To further illustrate the limitations of perimeter security, let's look at web applications. By their very nature, these allow access to resources inside your environment. Typically, this access is limited to a DMZ environment which is specifically designed to separate the outside world from the inside. These systems often have trust relationships with internal systems, including database servers that store sensitive data.

However, the internet-exposed systems in the DMZ could eventually fall victim to attack. Now the question becomes 'What is the internet perimeter if the DMZ is compromised?'. By compromising a legitimate system, leapfrogging is now possible, since the access will appear to come from a legitimate source.

This example illustrates why the concept of zones of trust is so important. It forces organizations to implement multiple sets of security controls. To develop these zones of trust, enterprises judge which DMZ systems need to access which internal systems, and then they control the communication by network segmentation and authentication.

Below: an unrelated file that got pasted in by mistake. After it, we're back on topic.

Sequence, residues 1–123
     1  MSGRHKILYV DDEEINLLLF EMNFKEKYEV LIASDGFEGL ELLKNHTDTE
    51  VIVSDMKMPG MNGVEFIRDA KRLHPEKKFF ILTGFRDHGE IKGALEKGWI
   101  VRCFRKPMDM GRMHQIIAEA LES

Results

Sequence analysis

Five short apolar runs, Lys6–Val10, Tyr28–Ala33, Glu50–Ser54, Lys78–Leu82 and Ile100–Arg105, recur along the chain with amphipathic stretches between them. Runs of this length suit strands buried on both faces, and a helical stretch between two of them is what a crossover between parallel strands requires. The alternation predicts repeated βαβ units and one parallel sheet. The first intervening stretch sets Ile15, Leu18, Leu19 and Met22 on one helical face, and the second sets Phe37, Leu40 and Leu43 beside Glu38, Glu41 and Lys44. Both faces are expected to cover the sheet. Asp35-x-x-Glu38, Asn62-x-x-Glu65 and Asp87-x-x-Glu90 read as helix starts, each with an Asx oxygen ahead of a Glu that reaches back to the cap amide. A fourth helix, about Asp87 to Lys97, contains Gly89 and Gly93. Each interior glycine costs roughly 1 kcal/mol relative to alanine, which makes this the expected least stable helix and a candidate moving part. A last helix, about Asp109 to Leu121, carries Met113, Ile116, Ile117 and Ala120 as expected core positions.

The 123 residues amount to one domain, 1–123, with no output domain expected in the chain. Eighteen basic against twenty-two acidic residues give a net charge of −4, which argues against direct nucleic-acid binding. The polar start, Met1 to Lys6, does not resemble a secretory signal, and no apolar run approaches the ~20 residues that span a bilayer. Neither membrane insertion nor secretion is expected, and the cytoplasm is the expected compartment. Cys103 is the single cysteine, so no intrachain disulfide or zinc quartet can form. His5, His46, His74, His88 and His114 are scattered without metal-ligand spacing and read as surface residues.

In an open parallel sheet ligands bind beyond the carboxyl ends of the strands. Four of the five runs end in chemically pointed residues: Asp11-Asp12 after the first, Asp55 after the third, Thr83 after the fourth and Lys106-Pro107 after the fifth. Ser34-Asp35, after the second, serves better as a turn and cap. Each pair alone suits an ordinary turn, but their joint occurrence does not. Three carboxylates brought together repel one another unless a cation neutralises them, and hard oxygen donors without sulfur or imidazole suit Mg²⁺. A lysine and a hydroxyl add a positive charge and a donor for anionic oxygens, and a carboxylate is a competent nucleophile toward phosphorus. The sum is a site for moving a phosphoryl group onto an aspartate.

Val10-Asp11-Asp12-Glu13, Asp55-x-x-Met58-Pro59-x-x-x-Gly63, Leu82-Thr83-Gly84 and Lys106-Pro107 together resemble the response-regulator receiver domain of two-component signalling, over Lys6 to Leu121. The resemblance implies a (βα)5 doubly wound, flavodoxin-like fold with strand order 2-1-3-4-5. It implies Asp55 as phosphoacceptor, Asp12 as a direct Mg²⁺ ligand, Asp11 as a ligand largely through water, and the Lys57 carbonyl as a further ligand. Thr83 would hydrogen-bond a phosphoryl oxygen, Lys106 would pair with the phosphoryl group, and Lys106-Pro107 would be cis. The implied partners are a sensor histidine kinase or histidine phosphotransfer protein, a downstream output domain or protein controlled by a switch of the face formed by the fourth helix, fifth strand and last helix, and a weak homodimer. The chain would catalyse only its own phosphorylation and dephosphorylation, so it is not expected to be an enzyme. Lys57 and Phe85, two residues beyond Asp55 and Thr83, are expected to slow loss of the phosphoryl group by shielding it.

The transition to defense-in-depth

Organizations find themselves in the early stages of a transition state to defense-in-depth when a small number of people within them begin to think about security architecture in terms of zones of risk and zones of trust, and they start to put plans in place to monitor what had previously been considered the "inside" to detect security problems. However, the vast majority still perform their day-to-day roles as if the outside is hostile and the inside is safe.